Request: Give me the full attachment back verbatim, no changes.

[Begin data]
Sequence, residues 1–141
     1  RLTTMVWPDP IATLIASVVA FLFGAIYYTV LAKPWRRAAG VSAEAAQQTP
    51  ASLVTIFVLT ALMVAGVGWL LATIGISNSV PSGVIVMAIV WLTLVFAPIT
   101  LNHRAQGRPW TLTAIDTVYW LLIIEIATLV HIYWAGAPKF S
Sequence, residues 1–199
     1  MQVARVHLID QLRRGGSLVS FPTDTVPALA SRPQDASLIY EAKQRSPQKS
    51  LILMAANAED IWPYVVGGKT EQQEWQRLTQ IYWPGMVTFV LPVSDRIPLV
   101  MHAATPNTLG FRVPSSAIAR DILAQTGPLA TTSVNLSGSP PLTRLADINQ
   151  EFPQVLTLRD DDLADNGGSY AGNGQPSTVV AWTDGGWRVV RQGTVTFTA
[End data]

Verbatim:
Sequence, residues 1–141
     1  RLTTMVWPDP IATLIASVVA FLFGAIYYTV LAKPWRRAAG VSAEAAQQTP
    51  ASLVTIFVLT ALMVAGVGWL LATIGISNSV PSGVIVMAIV WLTLVFAPIT
   101  LNHRAQGRPW TLTAIDTVYW LLIIEIATLV HIYWAGAPKF S
Sequence, residues 1–199
     1  MQVARVHLID QLRRGGSLVS FPTDTVPALA SRPQDASLIY EAKQRSPQKS
    51  LILMAANAED IWPYVVGGKT EQQEWQRLTQ IYWPGMVTFV LPVSDRIPLV
   101  MHAATPNTLG FRVPSSAIAR DILAQTGPLA TTSVNLSGSP PLTRLADINQ
   151  EFPQVLTLRD DDLADNGGSY AGNGQPSTVV AWTDGGWRVV RQGTVTFTA